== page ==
The village seemed a bit smaller this year than normal, but then we walked across the grass and think we figured out why – it was a giant mud pit (impromptu mud run!). As always, the portapots were plentiful and smelled like roses. Okay, not really. But for portapots they were damn nice and there was basically no wait.

Before the race began they had the usual ceremonial stuff, including the National Anthem (great singer this year) and the group jazzercise warm-up (thanks but no thanks – the music was great though). I got in a quick warm-up, running up and down Key Highway, then made sure my mom was situated for her first 5k, took my place, and we were off. It really did all happen that quickly. Odd, but nice to not have to stand around forevvvvvvvvver waiting to start.

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Like last week, I decided to run with the metronome set to 170 bpm. It was a bit hard to hear, especially with all the noise and commotion of the beginning, so I ended up running with the phone in the water bottle up to my ear a bit. I’m sure I looked bizarre, but I’m okay with that.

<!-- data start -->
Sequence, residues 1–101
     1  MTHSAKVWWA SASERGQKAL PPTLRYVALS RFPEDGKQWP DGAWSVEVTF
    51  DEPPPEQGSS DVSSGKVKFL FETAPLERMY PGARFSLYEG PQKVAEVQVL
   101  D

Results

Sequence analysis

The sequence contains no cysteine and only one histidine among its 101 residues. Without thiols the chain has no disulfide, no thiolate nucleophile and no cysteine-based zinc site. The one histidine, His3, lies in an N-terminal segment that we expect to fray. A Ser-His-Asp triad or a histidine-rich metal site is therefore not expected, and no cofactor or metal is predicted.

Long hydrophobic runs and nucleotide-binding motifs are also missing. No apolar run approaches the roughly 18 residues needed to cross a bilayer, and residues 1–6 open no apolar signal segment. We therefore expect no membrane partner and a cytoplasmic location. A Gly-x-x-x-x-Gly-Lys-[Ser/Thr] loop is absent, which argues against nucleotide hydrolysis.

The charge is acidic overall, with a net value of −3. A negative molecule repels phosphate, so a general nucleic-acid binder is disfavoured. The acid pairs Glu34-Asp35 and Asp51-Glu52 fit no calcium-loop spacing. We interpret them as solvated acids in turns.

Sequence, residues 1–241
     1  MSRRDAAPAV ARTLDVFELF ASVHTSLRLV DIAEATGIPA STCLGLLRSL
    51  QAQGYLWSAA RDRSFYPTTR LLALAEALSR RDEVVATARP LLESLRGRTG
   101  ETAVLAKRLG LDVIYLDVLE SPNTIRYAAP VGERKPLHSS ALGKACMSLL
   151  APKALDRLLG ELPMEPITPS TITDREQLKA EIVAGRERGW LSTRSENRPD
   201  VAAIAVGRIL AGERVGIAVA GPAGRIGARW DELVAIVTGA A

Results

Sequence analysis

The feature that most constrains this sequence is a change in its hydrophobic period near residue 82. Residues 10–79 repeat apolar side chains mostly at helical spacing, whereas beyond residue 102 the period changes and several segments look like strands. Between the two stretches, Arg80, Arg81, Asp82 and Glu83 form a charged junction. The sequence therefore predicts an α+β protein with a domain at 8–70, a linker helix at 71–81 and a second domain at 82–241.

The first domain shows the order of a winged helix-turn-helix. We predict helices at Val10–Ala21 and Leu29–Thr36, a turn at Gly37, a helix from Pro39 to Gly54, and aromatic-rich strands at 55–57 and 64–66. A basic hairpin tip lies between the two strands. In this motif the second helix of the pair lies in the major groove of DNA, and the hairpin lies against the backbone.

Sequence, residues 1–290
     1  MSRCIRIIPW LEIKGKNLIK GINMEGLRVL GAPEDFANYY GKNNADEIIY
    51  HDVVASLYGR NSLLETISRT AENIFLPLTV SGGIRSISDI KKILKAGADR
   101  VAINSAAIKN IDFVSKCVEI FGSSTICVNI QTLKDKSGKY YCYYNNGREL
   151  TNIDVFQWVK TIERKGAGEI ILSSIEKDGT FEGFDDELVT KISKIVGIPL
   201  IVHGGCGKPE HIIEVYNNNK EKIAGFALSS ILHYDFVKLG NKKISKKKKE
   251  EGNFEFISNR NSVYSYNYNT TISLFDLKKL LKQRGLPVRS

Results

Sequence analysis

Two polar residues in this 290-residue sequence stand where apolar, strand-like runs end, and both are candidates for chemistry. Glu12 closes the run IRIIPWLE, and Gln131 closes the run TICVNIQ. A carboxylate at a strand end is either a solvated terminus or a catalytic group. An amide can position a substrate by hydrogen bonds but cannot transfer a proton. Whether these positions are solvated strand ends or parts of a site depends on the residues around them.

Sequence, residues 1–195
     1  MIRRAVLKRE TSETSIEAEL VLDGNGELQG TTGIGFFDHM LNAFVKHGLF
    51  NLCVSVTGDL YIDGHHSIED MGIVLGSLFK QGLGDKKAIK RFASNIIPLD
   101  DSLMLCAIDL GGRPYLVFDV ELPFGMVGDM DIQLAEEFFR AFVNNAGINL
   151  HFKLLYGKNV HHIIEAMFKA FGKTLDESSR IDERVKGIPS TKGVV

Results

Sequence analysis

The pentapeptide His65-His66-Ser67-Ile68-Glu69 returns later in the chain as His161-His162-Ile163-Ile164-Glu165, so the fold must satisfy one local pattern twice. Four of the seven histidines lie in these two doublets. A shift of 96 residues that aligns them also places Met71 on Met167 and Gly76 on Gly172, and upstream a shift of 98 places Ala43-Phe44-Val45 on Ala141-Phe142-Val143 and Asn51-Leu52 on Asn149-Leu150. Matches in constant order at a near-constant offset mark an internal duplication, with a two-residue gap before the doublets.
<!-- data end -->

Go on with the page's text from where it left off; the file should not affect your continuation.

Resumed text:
The first half to three quarters of a mile runs along a road with raised medians and curbs made out of cobblestone (hello, twisted ankle) – because it was so crowded I ended up running on the sidewalk a bit until I could safely get back into the pack. About 3/4 of a mile in, though, there’s a hill that lasts about 2 blocks – guaranteed to thin the pack out every time. I take no guilt in enjoying that because when I ran BWC two years ago, I was one of the flies dropping early on that hill; last year and this year, however, I powered on up it past everyone else. At this point it became a lot easier to hear the metronome and I settled into a pretty good rhythm for the rest of the race.

The course support was fantastic, and before I knew it, I had passed mile 1 and then mile 2. The last mile-ish repeats the starting line area and then veers off onto the Promenade, a (mostly) brick-paved walking path that encircles the entire Inner Harbor. I love running along the Promenade, but my legs hate how hard brick is. Just as I was about to turn off of Key Highway to enter the Promenade, I saw a woman who had tripped on the curb – a few other women and I stopped to help her up, and when she got back to her feet she looked really wobbly and seemed to have trouble getting her balance and moving again, so a few of us tried to get up upright and stable before moving on with our race. I didn’t see her in the race village afterwards, so hopefully she’s okay.